Thus, firms may never have intended to cut R&D in British Columbia or to increase R&D investment in the province more quickly than they actually did over the past decade. One might not have expected further increases in BC R&D because of the historical concentrations of traditional pharmaceutical investments elsewhere in the world (and elsewhere in Canada). Indeed, for as long as comparable data have been available, British Columbia has been a relatively low-performing province in terms of private expenditure on R&D in the pharmaceutical sector (fluctuating from 20% to 30% of R&D per capita in the rest of Canada) and, to a lesser extent, in other sectors (fluctuating from 47% to 63% of R&D per capita in the rest of Canada).
Despite the business economics of R&D investments, firms may find that the rhetoric of punishment serves to build opposition to evidence-based drug coverage policies in other jurisdictions. Firms may find it rational therefore to occasionally "defy basic economic logic" in the short term through the use of R&D investments as rewards or punishments for government actions. However, this too is a business decision - and a risky one, at that.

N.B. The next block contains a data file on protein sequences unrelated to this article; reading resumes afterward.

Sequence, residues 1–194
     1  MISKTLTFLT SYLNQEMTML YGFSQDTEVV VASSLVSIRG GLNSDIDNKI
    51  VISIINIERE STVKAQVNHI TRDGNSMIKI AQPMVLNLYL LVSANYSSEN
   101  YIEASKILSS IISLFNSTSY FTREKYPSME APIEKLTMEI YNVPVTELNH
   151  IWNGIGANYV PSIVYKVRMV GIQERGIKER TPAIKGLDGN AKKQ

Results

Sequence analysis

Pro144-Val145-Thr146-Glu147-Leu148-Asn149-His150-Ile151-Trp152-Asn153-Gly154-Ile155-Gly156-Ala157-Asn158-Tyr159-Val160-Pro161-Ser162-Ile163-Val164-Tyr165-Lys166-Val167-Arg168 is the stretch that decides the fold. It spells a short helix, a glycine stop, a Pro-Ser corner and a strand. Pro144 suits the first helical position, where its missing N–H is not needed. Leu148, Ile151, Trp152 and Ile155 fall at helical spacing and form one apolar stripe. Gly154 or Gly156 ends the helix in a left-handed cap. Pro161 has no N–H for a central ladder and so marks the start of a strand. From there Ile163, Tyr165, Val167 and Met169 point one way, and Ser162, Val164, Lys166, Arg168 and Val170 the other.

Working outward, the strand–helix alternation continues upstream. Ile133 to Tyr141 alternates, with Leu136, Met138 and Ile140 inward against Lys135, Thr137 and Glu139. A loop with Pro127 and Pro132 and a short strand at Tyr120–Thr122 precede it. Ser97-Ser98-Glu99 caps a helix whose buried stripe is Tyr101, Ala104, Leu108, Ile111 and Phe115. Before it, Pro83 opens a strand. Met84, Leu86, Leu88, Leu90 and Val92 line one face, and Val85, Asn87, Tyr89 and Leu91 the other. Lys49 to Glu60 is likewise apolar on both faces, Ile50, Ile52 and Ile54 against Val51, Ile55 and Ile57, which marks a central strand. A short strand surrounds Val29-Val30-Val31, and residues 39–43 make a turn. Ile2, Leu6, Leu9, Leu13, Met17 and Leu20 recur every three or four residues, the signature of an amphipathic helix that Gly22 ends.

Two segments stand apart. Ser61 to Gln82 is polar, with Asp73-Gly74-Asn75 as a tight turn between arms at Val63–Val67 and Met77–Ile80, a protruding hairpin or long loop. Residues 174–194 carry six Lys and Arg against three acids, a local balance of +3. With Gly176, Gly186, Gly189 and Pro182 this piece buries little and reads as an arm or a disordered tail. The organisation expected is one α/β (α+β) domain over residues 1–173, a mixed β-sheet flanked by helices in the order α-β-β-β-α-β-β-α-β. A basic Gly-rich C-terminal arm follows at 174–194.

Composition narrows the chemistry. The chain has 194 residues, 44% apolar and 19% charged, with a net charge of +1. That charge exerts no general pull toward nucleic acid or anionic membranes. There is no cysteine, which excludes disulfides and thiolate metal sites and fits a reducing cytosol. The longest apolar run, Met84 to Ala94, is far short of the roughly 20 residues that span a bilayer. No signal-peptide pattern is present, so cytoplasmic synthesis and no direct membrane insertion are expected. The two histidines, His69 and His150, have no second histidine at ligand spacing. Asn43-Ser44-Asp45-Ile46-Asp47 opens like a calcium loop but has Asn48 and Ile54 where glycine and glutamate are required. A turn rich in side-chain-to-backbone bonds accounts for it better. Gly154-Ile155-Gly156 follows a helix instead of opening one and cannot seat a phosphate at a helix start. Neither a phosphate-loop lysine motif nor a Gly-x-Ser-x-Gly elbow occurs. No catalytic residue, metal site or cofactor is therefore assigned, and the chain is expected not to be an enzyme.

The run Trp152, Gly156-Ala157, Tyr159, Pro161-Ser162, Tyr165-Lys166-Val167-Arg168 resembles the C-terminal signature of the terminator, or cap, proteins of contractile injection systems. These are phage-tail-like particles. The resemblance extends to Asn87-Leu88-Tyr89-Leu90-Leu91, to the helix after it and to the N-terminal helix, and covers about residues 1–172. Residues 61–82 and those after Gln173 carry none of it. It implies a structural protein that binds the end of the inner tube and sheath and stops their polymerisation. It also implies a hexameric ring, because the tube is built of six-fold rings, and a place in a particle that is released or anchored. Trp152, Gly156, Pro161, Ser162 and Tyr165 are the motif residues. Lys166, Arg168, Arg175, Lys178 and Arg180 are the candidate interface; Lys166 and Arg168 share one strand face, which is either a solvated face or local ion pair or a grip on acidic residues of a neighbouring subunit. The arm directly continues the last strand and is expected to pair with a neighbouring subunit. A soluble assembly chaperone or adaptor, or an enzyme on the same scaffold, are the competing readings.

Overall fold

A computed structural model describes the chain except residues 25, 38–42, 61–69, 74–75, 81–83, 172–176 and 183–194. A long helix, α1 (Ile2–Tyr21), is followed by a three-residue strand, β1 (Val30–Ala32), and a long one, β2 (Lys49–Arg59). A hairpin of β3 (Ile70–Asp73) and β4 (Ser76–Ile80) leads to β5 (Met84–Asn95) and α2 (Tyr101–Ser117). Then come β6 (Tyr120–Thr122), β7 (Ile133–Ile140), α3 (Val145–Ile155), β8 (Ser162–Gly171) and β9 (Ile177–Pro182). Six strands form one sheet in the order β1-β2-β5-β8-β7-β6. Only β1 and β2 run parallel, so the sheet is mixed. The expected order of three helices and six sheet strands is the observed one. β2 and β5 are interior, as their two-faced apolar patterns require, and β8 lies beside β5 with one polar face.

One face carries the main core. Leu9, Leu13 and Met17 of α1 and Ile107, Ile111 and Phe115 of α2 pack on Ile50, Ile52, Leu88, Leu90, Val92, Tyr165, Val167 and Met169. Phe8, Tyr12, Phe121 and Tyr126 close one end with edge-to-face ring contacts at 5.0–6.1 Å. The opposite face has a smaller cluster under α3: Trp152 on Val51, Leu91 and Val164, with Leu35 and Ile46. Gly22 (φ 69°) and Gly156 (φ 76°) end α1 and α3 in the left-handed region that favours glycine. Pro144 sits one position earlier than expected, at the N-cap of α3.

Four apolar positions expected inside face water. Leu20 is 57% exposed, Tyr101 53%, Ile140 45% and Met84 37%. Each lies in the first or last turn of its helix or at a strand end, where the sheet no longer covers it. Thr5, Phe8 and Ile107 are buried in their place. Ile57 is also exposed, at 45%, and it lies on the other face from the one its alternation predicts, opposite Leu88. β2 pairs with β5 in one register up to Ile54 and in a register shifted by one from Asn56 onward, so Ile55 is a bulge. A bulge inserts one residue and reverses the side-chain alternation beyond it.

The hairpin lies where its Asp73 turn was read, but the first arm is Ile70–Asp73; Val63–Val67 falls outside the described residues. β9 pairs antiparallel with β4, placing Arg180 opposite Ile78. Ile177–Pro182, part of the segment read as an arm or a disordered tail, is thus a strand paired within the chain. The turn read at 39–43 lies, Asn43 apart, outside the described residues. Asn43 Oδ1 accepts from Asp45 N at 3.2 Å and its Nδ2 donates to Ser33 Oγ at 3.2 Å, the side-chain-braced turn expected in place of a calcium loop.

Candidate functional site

Withdrawing R&D investments that would otherwise be profitable will always represent an economic loss in the short run. Whether withdrawing otherwise profitable R&D investments will generate long-term returns depends on whether punishing by example creates benefits that outweigh lost short-term profit opportunities. Benefits of punishment would arise from changes in policies in the local jurisdiction and elsewhere. The costs of punishing arise from forgone opportunities to employ local scientific expertise and to take advantage of local tax breaks. For threats of punishment to be credible, pharmaceutical companies must be united in their local "boycott" and must sustain their support for it for sufficiently long to make it clear to local and foreign decision-makers that firms will punish themselves (by forgoing otherwise profitable local scientific endeavours) in order to punish governments who employ certain drug coverage policies.